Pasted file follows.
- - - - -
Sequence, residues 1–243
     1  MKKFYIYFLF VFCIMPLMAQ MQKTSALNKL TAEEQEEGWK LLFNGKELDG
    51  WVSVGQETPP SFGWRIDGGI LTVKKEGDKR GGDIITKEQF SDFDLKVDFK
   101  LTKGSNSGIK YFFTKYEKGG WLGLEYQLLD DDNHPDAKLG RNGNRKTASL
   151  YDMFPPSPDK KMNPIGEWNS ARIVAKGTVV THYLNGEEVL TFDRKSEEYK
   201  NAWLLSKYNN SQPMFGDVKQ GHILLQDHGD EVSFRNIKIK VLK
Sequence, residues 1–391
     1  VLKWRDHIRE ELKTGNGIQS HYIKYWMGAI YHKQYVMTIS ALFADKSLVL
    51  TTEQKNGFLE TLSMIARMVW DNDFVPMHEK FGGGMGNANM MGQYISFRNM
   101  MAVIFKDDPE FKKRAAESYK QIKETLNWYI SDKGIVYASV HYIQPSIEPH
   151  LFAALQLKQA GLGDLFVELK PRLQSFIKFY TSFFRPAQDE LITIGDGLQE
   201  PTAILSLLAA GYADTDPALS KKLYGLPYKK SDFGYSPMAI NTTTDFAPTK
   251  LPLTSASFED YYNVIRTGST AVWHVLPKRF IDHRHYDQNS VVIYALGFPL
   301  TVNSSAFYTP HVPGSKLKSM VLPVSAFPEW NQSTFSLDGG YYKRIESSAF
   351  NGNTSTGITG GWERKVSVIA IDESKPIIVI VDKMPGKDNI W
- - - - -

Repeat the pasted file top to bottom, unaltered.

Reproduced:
Sequence, residues 1–243
     1  MKKFYIYFLF VFCIMPLMAQ MQKTSALNKL TAEEQEEGWK LLFNGKELDG
    51  WVSVGQETPP SFGWRIDGGI LTVKKEGDKR GGDIITKEQF SDFDLKVDFK
   101  LTKGSNSGIK YFFTKYEKGG WLGLEYQLLD DDNHPDAKLG RNGNRKTASL
   151  YDMFPPSPDK KMNPIGEWNS ARIVAKGTVV THYLNGEEVL TFDRKSEEYK
   201  NAWLLSKYNN SQPMFGDVKQ GHILLQDHGD EVSFRNIKIK VLK
Sequence, residues 1–391
     1  VLKWRDHIRE ELKTGNGIQS HYIKYWMGAI YHKQYVMTIS ALFADKSLVL
    51  TTEQKNGFLE TLSMIARMVW DNDFVPMHEK FGGGMGNANM MGQYISFRNM
   101  MAVIFKDDPE FKKRAAESYK QIKETLNWYI SDKGIVYASV HYIQPSIEPH
   151  LFAALQLKQA GLGDLFVELK PRLQSFIKFY TSFFRPAQDE LITIGDGLQE
   201  PTAILSLLAA GYADTDPALS KKLYGLPYKK SDFGYSPMAI NTTTDFAPTK
   251  LPLTSASFED YYNVIRTGST AVWHVLPKRF IDHRHYDQNS VVIYALGFPL
   301  TVNSSAFYTP HVPGSKLKSM VLPVSAFPEW NQSTFSLDGG YYKRIESSAF
   351  NGNTSTGITG GWERKVSVIA IDESKPIIVI VDKMPGKDNI W